Ion-Based Liquid Crystals: From Well-Defined Self-Organized Nanostructures to Applications

  • Hiromitsu MaedaEmail author
Part of the NanoScience and Technology book series (NANO)


Recent progress in the chemistry of ion-based liquid crystals and related materials based on anion-responsive π-conjugated molecules is summarized. Thermotropic liquid crystals with highly ordered positively and negatively charged species are promising materials as organic semiconductors that show fascinating properties compared to those of electronically neutral species. The achievement of ion-based liquid crystals requires the preparation of appropriate charged building subunits, in particular, planar anionic species, which can be obtained by the complexation of electronically neutral anion-responsive π-conjugated molecules. The author’s group has fabricated a variety of ion-based organized structures as liquid crystals comprising pyrrole-based anion receptor molecules. The charge-carrier transporting properties exhibited by some of the obtained materials highlight their potential utility in future applications.


Liquid Crystal Columnar Structure Polarize Optical Microscopy Anionic Component Anion Receptor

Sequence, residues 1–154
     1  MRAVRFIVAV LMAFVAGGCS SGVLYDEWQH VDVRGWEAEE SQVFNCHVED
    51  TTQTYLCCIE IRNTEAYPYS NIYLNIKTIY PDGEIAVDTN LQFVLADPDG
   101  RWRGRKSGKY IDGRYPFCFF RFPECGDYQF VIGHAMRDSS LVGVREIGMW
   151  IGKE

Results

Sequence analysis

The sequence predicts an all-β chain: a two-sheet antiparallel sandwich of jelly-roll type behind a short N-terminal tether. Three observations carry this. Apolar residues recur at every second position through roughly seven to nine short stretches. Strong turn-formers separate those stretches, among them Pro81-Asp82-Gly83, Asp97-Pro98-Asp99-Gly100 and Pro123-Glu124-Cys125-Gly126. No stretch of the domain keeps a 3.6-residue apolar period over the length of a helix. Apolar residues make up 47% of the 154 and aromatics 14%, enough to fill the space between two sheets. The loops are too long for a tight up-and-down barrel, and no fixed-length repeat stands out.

These keywords were added by machine and not by the authors. This process is experimental and the keywords may be updated as the learning algorithm improves.



The contributions reported herein have been supported by PRESTO, Japan Science and Technology Agency (JST) (“Structure Control and Function”, 2007–2011), Grants-in-Aid for Young Scientists (B) (No. 21750155) and (A) (No. 23685032) and Scientific Research in a Priority Area “Super-Hierarchical Structures” (No. 18039038, 19022036) from the Ministry of Education, Culture, Sports, Science, and Technology (MEXT), the matching fund subsidies for private universities from the MEXT, 2003--2008 and 2009--2014, and the Ritsumeikan Global Innovation Research Organization (R-GIRO) project, 2008--2013. The author thanks all the authors and the collaborators described in the acknowledgement in the previous publications, in particular, Prof. Atsuhiro Osuka and his group members for single-crystal X-ray analysis, Dr. Takashi Nakanishi, NIMS, for his kind help with various analyses of molecular assemblies, Prof. Shu Seki, Osaka University, and his group members for electrical conductivity measurements, Prof. Hitoshi Tamiaki, Ritsumeikan University, for various measurements, and all the group members, especially, Dr. Yohei Haketa and Dr. Bin Dong, for their contributions on ion-based materials.


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Copyright information

© © The Author(s) 2014

Authors and Affiliations

  1. 1.College of Pharmaceutical SciencesRitsumeikan UniversityKusatsuJapan

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